• Anti-itch medication: Options such as Apoquel, Cytopoint, or anti-inflammatory doses of steroids may be recommended based on your pet’s condition and safety considerations.
  • If improvement isn’t observed after several days of treatment, contacting your veterinarian is advisable. Further diagnostic steps like culture and sensitivity testing may be necessary to determine the most effective antibiotic.
  • Topical treatments suggested by your veterinarian may include:
    • Medicated shampoo: Formulations containing antibacterial and antifungal agents like chlorhexidine, ketoconazole, miconazole, or benzoyl peroxide are commonly used. Long-term use of medicated shampoo may be recommended for pets with recurrent infections.
    • Medicated spray, mousse, or ointment: Application of antimicrobial products on dry skin may be instructed by your veterinarian, especially for pets with recurrent infections.
    • “Clip and clean” method: Veterinary staff may clip hair surrounding localized skin issues to prevent reinfection and promote air exposure. Gentle antiseptic washes like 2 percent or 4 percent chlorhexidine solution may be used for cleaning.
    • Epsom salt foot soaks: For inflammation and infection of paws, soaking affected areas in Epsom salt solution (two tablespoons per liter of warm water) may be recommended.

Following your veterinarian’s instructions diligently and monitoring your dog’s progress closely are crucial for effective management of pyoderma.

Living and Management

Follow-up appointments with your veterinarian are essential to ensure complete clearance of your dog’s infection before discontinuing antibiotic treatment. Treatment might need to be extended for 7 to 14 days beyond the point when the skin appears normal, so it’s crucial not to halt antibiotics prematurely. Premature cessation of antibiotic treatment can contribute to the development of antibiotic resistance.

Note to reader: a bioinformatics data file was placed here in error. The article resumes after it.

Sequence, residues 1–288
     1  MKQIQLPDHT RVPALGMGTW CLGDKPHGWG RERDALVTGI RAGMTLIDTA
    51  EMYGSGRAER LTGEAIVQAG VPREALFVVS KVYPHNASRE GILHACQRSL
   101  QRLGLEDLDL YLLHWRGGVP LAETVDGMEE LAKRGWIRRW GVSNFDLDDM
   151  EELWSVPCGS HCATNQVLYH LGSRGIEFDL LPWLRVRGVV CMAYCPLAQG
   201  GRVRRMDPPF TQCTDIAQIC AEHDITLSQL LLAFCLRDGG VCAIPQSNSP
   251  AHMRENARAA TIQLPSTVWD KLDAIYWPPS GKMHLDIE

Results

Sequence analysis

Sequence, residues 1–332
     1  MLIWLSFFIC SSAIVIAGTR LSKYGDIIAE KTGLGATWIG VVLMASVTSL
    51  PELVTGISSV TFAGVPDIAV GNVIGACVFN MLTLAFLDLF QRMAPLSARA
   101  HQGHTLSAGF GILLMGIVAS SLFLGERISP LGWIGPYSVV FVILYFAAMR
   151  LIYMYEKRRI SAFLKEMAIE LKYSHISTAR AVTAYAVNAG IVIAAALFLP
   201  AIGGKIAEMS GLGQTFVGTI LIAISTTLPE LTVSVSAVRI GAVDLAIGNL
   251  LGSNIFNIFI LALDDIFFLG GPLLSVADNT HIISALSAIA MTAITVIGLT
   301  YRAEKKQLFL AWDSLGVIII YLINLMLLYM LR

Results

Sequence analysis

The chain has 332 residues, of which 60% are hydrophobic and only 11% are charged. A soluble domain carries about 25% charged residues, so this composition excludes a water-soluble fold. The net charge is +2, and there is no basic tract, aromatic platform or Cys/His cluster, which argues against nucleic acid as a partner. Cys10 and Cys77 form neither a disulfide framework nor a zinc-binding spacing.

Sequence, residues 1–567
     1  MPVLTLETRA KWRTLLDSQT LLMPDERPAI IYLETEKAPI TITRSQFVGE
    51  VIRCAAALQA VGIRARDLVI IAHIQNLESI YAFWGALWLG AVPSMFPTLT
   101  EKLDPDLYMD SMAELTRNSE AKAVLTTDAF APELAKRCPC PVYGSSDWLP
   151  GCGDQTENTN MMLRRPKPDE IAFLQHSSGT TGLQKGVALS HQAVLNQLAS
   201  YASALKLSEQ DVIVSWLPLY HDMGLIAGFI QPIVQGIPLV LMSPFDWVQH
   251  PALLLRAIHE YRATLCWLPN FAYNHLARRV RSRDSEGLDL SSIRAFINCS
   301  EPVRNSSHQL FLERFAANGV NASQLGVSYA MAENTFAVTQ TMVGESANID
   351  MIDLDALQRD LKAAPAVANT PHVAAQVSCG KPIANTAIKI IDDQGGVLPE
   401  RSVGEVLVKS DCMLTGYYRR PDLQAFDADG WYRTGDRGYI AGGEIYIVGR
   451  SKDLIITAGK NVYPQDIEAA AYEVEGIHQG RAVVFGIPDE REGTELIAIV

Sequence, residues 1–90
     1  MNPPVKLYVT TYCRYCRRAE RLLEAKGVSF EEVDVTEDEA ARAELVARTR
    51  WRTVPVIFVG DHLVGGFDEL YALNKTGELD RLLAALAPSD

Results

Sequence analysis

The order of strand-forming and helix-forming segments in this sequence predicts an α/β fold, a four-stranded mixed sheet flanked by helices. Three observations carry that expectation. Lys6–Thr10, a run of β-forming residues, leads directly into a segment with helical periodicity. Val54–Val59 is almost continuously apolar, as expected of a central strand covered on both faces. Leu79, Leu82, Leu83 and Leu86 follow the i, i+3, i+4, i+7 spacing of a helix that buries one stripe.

Clearing the infection is often a prerequisite before investigating the underlying cause of pyoderma. Identifying the underlying cause, whether it involves allergies, Cushing’s disease, hypothyroidism, or another condition, is crucial to prevent frequent relapses of pyoderma in your dog.

Length of Treatment for Pyoderma in Dogs

The duration of treatment varies based on the type and severity of your pet’s pyoderma. Superficial pyoderma often necessitates treatments spanning three to four weeks, while deep pyoderma may require several months of treatment. It’s imperative not to cease treatment without the explicit recommendation of your pet’s veterinarian.

Pyoderma in Dogs FAQs

Is pyoderma in dogs contagious to humans?

While it’s rare for humans to contract pyoderma from their dogs, it is possible, especially with bacteria like Staphylococcus aureus. However, Staphylococcus pseudintermedius, the primary cause of canine pyoderma, does not typically affect humans.

Is pyoderma in dogs a serious condition?

Pyoderma in dogs is usually treatable as an outpatient with favorable outcomes. However, deep pyoderma can pose greater severity and, in rare extreme cases, may necessitate hospitalization.